He was the best that he could be
He was my favorite baseball player. During his era, he was the best at his position, the best at what he did. Consider the accomplishments in nine-plus years of Thurman Munson, New York Yankees captain:
• He was the American League Rookie of the Year in 1970, batting .302.
• He won the Gold Glove Award in 1973, 1974 and 1975.
• He was the American League MVP in 1976.
• He was the first player since Ted Williams to hit .300 or higher and drive in 100 or more runs for three consecutive years (1975-1977).
• In three World Series (1976-1978), Munson hit .529, .320, .320 respectively. His lifetime World Series batting average is .373.
• He was an American League All-Star seven times.
• Five times he hit .300 or higher, and his lifetime batting average is .292. His lifetime batting average is higher than Hall of Fame catchers Yogi Berra, Roy Campanella, Johnny Bench and Carlton Fisk.
Thurman Munson was a great athlete and possessed good speed for a catcher. Yet, one of my fondest baseball memories was watching him fight through the pain caused by his failing knees. He could barely stand, but there he was competing at the highest level. He was a champion with a lion’s heart. No one ever gave more. He led by example. He was a team player. He was a hard-nosed competitor with grit. He was baseball’s Mr. Clutch. If your team was down to its last out and needed a run batted in, you could ask for no more than to see Thurman Munson in the batter’s box.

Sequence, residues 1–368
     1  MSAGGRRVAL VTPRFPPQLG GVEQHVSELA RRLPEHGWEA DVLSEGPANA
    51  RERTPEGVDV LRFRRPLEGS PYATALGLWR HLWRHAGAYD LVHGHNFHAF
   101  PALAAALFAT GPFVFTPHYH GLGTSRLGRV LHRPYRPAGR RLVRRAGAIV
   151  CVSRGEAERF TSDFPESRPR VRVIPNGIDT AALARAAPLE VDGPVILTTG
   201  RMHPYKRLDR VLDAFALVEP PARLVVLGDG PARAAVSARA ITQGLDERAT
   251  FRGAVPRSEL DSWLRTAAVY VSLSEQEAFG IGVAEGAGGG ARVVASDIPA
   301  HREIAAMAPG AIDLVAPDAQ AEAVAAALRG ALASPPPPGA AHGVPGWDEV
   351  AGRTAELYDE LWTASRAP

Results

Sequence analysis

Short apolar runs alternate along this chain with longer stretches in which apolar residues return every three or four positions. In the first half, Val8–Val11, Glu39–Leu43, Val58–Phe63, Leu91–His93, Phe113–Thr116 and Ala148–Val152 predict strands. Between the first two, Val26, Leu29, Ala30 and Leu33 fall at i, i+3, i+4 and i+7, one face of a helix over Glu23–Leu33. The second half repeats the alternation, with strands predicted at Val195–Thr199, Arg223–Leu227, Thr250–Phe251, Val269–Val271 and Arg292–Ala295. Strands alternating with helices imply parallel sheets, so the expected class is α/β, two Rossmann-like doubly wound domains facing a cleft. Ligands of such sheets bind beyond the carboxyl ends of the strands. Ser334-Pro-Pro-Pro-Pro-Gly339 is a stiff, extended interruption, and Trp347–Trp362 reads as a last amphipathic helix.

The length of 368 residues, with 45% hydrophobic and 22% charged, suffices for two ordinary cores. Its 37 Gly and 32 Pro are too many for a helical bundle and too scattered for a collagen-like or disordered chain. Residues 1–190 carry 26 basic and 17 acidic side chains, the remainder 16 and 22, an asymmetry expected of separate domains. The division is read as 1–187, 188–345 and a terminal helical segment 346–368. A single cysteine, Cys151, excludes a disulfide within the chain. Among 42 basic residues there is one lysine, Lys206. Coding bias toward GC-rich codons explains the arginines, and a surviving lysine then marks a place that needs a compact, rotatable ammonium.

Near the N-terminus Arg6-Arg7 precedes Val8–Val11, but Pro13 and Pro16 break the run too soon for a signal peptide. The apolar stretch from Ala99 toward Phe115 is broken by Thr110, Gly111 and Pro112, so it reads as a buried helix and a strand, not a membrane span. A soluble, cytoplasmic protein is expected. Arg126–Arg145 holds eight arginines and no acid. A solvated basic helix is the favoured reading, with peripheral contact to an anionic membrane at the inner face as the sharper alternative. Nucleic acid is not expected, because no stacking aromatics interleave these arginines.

New Testament authors, especially the Apostle Paul, illustrated spiritual truths with examples from athletics. Paul wrote, “Do you not know that in a race all the runners run, but only one gets the prize? Run in such a way as to get the prize.”
I think the Apostle Paul would’ve loved baseball, and he would have loved the way Thurman Munson played the game.
• The Rev. Ken Haskins is pastor of First Christian Church in Carson City.